Running jobs in Torque#
VSC clusters using the Torque job scheduler:
Other clusters might use the Slurm job scheduler
The workflow in the HPC is straightforward:
Create a job script
Submit it as a job to the scheduler
Wait for the computation to run and finish
A job script is essentially a Bash script, augmented with information for the
scheduler. As an example, consider a file
hello_world.pbs as below.
1#!/usr/bin/env bash 2 3#PBS -l nodes=1:ppn=1 4#PBS -l walltime=00:05:00 5#PBS -l pmem=1gb 6 7cd $PBS_O_WORKDIR 8 9module purge 10module load Python/3.7.2-foss-2018a 11 12python hello_world.py
We discuss this script line by line.
Line 1 is a she-bang that indicates that this is a Bash script.
Lines 3-5 inform the scheduler about the resources required by this job.
It requires a single node (
nodes=1), and a single core (
ppn=1) on that node.
It will run for at most 5 minutes (
It will use at most 1 GB of RAM (
Line 7 changes the working directory to the directory in which the job will be submitted (that will be the value of the
$PBS_O_WORKDIRenvironment variable when the job runs).
Lines 9 and 10 set up the environment by loading the appropriate modules.
Line 12 performs the actual computation, i.e., running a Python script.
Every job script has the same basic structure.
Although you can use any file name extension you want, it is good practice
.pbs since that allows support staff to easily identify your
More information is available on:
- Job resources
- Job names, output files and notifications
- Starting programs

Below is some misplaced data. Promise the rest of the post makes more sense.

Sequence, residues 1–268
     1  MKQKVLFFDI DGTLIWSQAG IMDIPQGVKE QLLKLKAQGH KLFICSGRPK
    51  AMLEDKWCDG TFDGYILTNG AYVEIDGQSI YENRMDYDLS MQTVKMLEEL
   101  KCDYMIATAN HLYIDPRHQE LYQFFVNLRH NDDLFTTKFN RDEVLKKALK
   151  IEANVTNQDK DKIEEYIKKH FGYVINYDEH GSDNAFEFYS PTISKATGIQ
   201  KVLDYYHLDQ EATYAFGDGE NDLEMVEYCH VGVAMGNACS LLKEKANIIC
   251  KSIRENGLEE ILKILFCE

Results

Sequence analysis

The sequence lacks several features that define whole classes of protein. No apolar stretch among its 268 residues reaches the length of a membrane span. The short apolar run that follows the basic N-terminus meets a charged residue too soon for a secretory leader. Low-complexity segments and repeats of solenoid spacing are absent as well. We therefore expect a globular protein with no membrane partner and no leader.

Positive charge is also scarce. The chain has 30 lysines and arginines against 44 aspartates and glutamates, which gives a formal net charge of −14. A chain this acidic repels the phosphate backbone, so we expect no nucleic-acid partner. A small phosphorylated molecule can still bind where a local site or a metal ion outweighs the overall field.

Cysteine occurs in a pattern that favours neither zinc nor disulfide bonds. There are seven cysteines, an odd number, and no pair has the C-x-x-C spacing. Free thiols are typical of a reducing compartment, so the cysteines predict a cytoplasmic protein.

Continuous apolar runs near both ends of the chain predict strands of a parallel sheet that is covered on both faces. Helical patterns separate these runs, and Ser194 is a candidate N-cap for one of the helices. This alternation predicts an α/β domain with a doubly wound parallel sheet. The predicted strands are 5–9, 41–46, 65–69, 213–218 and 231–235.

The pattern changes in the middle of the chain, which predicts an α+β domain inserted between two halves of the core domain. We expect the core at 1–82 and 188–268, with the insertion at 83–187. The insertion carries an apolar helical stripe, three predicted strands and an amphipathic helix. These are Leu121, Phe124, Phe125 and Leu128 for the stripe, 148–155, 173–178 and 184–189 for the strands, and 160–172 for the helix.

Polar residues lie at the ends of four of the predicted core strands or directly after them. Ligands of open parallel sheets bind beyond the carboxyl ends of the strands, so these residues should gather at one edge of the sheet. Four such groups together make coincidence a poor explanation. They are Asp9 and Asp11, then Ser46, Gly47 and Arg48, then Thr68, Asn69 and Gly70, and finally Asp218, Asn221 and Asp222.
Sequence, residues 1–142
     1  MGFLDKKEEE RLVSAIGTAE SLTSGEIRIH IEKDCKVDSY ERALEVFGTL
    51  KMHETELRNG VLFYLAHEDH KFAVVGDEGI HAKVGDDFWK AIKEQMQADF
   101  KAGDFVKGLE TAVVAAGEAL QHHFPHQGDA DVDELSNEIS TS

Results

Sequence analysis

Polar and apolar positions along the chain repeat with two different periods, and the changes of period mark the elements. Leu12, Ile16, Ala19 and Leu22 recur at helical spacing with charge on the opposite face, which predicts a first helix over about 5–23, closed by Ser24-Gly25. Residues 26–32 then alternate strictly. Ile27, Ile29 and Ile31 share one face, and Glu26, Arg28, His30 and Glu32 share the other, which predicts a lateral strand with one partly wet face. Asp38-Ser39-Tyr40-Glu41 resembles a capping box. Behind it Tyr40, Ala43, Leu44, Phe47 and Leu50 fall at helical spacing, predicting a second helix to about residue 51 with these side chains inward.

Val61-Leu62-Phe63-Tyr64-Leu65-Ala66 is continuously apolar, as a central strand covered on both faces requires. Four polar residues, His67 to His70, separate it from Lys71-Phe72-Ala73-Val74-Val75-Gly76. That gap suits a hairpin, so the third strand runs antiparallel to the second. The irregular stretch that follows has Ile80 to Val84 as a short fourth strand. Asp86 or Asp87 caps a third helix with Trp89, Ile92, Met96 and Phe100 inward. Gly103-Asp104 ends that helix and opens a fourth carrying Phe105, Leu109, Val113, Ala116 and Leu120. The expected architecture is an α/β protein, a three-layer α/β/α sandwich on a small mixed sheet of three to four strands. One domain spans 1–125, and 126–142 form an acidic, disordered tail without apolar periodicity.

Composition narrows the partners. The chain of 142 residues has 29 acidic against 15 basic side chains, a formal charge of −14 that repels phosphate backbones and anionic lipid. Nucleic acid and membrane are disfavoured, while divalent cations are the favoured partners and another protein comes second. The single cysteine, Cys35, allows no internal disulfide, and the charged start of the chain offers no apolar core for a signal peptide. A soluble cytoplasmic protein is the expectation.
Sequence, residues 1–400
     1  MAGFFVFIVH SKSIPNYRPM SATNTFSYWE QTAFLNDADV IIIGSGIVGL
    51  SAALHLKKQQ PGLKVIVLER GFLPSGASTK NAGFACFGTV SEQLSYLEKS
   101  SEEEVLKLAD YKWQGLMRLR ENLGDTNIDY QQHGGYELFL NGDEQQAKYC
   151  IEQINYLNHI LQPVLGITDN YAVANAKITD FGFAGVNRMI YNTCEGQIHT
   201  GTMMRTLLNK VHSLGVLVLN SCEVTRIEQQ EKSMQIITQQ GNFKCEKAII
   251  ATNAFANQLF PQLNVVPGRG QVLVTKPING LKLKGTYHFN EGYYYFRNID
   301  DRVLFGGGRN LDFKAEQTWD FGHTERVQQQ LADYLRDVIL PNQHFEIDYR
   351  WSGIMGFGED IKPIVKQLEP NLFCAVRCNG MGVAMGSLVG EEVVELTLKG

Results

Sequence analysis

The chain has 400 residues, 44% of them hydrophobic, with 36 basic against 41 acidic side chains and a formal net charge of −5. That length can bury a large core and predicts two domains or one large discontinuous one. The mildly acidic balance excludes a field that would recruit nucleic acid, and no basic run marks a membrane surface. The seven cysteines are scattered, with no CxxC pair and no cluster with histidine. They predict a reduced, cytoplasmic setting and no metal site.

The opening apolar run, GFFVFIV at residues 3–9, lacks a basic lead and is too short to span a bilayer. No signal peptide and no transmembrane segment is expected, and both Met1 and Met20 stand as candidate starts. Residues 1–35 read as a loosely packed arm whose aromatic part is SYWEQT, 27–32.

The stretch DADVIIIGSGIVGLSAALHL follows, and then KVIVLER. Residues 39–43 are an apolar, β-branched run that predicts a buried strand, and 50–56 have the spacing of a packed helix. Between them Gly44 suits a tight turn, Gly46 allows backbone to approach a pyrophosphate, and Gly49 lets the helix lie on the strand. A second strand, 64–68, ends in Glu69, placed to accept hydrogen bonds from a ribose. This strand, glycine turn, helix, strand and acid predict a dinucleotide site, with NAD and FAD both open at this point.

Using the module system
Submitting and monitoring a job#
Once you have created your job script, and transferred all required input data if necessary, you can submit your job to the scheduler
$ qsub hello_world.pbs 205814.leibniz
qsub returns a job ID, an unique identifier that you can use to manage
your job. Only the number, i.e.,
205814 is significant.
Once submitted, you can monitor the status of your job using the
$ qstat Job ID Name User Time Use S Queue ------------------------- ---------------- --------------- -------- - ----- 205814.leibniz hello_world.pbs vsc30140 0 Q q1h
The status of your job is given in the
S column. The most common values are
job is queued, i.e., waiting to be executed
job is running
job is completed, i.e., finished.
More information is available on
By default, the output of your job is saved to two files.
This file contains all text written to standard output, as well as some information about your job.
This file contains all text written to standard error, if any. If your job fails, or doesn’t produce the expected output, this is the first place to look.
For instance, for the running example, the output file would be
hello_world.pbs.o205814 and contains
1===== start of prologue ===== 2Date : Mon Aug 5 14:50:28 CEST 2019 3Job ID : 205814 4Job Name : hello_world.pbs 5User ID : vsc30140 6Group ID : vsc30140 7Queue Name : q1h 8Resource List : walltime=00:05:00,nodes=1:ppn=1,neednodes=1:ppn=1 9===== end of prologue ======= 10 11hello world! 12 13===== start of epilogue ===== 14Date : Mon Aug 5 14:50:29 CEST 2019 15Session ID : 21768 16Resources Used : cput=00:00:00,vmem=0kb,walltime=00:00:02,mem=0kb,energy_used=0 17Allocated Nodes : r3c08cn1.leibniz 18Job Exit Code : 0 19===== end of epilogue =======
Lines 1 through 10 are written by the prologue, i.e., the administrative script that runs before your job script. Similarly, lines 12 though 19 are written by the epilogue, i.e., the administrative script that runs after your job script.
Line 11 is the actual output of your job script.
The format of the output file differs slightly from cluster to cluster, although the overall structure is the same.
Monitoring memory and CPU usage of programs, which helps to find the right parameters to improve your specification of the job requirements.
worker quick start: To manage lots of small jobs on a cluster. The cluster scheduler isn’t meant to deal with tons of small jobs. Those create a lot of overhead, so it is better to bundle those jobs in larger sets.
The Checkpointing framework can be used to run programs that take longer than the maximum time allowed by the queue. It can break a long job in shorter jobs, saving the state at the end to automatically start the next job from the point where the previous job was interrupted.